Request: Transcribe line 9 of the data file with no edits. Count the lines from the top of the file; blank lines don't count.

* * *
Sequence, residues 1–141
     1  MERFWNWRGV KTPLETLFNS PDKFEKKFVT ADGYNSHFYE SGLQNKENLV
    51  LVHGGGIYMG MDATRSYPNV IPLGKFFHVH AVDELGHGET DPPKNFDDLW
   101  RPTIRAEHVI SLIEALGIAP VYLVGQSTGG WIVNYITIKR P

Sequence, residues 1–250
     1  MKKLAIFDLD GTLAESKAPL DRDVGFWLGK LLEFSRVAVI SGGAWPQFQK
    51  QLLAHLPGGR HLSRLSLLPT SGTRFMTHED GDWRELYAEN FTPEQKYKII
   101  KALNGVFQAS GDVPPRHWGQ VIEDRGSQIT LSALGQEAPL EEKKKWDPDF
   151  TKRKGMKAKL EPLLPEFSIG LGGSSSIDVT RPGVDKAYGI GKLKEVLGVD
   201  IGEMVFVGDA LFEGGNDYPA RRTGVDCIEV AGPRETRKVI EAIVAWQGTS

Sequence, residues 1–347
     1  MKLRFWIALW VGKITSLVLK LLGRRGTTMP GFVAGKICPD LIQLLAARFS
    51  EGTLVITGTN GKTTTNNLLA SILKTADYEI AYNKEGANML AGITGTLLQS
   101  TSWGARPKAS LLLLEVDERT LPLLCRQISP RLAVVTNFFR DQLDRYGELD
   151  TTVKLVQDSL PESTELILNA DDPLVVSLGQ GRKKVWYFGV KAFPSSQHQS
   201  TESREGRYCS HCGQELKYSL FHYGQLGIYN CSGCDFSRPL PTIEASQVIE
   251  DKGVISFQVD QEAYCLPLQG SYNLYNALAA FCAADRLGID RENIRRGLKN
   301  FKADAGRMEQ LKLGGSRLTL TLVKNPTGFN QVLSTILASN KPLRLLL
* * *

   151  TKRKGMKAKL EPLLPEFSIG LGGSSSIDVT RPGVDKAYGI GKLKEVLGVD